In the fall of 2014 in an article called Will NATO fight, talk or trade? I wrote the following:
With the end of the Cold War and the collapse of the Soviet Union and Warsaw Pact, the NATO alliance could have folded – and maybe should have folded, with its raison d’etre gone. But not only did the alliance continue, it aggressively pursued an expanded membership base and broader non-member relationships under the Partnership Action Plan.
Attempts to bring Ukraine and Georgia into NATO, and partnerships with Azerbaijan, Armenia, Kazakhstan and Moldova caused considerable angst in Russia where they were seen treading on the Russian sphere of influence.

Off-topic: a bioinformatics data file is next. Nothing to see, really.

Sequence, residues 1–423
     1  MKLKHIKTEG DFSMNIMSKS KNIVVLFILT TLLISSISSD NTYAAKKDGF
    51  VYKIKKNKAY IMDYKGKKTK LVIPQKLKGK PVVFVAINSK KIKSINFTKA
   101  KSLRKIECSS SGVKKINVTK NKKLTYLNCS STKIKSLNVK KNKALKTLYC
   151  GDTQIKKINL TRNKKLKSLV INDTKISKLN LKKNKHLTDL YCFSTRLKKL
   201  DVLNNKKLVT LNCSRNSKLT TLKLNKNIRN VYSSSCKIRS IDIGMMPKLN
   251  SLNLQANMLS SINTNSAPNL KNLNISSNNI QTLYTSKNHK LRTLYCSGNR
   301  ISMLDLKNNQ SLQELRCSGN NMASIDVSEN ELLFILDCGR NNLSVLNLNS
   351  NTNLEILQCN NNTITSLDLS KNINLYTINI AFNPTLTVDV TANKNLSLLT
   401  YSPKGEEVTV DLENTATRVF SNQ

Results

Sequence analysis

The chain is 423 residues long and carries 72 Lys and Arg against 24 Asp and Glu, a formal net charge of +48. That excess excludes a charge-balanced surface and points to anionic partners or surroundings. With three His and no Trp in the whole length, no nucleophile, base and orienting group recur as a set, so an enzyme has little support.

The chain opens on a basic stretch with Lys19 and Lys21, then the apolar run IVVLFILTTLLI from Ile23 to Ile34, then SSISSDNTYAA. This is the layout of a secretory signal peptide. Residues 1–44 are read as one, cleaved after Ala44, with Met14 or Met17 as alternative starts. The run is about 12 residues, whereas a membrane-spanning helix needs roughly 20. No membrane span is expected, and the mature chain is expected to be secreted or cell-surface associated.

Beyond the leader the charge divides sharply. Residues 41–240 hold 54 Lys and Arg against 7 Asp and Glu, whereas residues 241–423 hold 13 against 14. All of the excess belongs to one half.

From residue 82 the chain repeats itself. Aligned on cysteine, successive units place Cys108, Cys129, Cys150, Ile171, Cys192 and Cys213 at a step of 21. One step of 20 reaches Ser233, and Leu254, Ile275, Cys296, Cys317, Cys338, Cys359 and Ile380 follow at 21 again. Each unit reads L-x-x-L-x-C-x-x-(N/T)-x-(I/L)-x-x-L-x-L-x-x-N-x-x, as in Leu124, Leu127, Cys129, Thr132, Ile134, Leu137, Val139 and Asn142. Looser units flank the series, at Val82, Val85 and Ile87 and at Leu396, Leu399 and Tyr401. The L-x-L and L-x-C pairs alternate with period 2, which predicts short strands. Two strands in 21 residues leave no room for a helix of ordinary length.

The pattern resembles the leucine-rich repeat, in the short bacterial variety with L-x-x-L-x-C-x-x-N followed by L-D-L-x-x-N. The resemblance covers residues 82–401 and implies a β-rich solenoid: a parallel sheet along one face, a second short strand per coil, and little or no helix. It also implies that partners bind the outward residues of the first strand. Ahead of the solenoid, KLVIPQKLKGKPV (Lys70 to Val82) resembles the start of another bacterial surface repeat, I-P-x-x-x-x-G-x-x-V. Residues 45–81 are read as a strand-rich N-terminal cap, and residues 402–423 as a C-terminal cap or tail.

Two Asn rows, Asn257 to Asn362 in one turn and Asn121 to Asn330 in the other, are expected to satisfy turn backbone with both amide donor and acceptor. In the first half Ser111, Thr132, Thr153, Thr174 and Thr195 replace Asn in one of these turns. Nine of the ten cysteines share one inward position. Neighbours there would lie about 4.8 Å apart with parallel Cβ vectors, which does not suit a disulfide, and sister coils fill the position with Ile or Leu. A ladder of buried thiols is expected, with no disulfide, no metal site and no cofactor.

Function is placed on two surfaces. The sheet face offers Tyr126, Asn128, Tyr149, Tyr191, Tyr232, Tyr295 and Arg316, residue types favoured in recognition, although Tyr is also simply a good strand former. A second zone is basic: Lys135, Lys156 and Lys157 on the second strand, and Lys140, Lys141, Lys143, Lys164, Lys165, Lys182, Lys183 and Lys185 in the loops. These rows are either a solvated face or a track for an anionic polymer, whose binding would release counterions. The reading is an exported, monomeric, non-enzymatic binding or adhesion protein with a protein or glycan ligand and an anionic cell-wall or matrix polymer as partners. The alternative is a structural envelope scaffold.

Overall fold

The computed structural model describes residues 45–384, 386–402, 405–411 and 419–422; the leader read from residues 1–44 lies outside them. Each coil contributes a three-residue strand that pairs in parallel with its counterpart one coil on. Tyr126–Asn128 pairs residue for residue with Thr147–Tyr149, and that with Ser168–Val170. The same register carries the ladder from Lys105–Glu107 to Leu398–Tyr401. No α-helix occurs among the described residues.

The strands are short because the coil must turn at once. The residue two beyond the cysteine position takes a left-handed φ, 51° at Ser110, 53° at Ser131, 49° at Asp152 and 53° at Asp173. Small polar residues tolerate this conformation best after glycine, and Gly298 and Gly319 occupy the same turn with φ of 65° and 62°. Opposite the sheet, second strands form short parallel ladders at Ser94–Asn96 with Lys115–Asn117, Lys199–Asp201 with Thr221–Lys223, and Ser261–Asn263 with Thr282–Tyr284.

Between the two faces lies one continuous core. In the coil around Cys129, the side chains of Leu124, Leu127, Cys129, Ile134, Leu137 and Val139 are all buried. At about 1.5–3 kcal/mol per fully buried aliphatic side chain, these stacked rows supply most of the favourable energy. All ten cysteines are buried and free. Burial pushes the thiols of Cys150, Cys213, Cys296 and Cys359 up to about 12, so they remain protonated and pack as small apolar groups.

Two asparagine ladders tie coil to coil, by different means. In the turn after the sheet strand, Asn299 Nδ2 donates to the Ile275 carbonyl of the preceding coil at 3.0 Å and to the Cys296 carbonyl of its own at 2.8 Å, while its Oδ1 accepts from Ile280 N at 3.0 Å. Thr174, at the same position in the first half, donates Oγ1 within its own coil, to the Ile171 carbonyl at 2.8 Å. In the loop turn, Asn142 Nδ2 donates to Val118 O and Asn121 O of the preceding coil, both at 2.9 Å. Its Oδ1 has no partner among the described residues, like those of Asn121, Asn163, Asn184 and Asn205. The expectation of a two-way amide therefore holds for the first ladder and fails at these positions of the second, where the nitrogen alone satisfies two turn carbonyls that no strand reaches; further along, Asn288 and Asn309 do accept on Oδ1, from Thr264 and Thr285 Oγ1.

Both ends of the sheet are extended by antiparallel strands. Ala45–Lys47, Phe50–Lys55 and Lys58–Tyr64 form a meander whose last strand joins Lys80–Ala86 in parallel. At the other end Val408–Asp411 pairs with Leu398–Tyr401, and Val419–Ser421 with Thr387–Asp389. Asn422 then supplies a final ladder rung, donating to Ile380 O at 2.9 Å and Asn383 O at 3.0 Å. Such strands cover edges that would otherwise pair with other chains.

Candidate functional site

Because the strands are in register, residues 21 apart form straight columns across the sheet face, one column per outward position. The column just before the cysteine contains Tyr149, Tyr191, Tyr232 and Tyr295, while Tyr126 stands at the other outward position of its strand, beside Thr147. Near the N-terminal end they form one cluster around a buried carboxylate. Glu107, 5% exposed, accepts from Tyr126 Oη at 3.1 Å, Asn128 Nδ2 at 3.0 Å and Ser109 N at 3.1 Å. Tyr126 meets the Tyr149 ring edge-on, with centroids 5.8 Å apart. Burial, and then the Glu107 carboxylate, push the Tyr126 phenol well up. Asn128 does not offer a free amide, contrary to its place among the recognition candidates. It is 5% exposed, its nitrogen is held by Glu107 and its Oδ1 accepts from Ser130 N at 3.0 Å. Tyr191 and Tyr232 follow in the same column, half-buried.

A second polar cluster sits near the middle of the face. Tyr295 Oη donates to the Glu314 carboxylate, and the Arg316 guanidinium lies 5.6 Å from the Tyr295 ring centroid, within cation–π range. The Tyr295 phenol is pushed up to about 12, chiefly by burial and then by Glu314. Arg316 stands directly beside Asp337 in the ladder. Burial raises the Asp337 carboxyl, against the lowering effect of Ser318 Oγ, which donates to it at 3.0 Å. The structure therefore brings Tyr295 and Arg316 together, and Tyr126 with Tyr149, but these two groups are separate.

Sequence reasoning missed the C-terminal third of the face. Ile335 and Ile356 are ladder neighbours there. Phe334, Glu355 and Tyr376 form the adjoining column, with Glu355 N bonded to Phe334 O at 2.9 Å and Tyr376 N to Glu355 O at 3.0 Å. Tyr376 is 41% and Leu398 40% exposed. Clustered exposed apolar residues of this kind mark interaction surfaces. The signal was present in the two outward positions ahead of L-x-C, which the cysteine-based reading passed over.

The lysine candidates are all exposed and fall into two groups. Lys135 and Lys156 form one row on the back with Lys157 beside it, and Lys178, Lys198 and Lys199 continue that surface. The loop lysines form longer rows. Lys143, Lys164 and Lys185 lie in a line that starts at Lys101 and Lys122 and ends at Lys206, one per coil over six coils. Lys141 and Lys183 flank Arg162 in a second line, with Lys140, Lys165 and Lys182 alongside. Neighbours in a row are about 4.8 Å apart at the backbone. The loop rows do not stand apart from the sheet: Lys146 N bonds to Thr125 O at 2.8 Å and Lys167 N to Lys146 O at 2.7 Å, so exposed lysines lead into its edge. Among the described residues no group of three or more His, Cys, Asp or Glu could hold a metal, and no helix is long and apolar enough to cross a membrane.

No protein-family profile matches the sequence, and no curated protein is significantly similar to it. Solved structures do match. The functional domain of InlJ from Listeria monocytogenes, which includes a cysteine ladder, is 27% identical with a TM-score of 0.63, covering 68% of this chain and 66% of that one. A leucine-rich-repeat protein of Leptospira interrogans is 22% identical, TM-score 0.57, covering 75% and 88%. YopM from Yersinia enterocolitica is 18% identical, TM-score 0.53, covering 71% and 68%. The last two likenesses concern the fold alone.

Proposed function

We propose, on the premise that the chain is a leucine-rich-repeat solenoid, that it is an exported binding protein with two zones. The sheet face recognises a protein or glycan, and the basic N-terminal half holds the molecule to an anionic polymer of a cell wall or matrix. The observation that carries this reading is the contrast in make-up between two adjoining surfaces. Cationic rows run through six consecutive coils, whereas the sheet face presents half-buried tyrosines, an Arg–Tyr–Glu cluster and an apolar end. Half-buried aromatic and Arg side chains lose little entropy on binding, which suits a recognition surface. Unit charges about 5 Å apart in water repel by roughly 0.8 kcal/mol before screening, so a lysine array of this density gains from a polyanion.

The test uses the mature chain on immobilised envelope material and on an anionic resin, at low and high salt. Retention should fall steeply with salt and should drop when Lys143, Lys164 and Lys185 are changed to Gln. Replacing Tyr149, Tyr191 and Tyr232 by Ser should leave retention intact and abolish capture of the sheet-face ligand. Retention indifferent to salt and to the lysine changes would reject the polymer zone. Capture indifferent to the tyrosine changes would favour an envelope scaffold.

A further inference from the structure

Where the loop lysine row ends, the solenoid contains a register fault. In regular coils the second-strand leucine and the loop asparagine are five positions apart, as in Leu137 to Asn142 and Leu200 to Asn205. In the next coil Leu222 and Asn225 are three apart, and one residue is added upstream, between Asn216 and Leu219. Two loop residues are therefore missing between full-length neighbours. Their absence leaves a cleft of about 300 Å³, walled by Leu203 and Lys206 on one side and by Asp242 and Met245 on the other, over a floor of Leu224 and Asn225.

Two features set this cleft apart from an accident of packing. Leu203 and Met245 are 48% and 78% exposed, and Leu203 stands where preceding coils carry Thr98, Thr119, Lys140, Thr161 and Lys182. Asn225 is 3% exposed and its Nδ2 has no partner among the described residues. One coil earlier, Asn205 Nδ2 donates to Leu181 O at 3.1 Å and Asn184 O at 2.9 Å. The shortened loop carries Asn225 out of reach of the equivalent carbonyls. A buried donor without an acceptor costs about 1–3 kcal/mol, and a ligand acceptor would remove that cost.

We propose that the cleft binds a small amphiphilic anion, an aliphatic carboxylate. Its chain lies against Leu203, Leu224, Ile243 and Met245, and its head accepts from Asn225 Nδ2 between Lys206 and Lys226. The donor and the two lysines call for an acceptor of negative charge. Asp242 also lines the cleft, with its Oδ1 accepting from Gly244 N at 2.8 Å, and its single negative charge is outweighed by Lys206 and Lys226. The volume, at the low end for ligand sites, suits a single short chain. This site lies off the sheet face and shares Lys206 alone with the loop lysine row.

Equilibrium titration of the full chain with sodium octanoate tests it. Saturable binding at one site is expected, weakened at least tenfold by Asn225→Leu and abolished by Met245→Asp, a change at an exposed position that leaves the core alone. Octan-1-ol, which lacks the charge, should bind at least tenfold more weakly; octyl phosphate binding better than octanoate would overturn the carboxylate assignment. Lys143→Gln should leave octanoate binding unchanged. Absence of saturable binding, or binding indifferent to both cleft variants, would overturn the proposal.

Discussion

But as NATO has become wider, it has become shallower and less able to meet its own standards for the defense of its members. And a weak NATO may in fact be worse than no NATO at all, inviting aggression against it.
Russia, for all its bluster, still fears NATO encirclement and does not trust the United States. Leaving NATO in a posture where it lacks any real ability to fight is the worst of all possible worlds.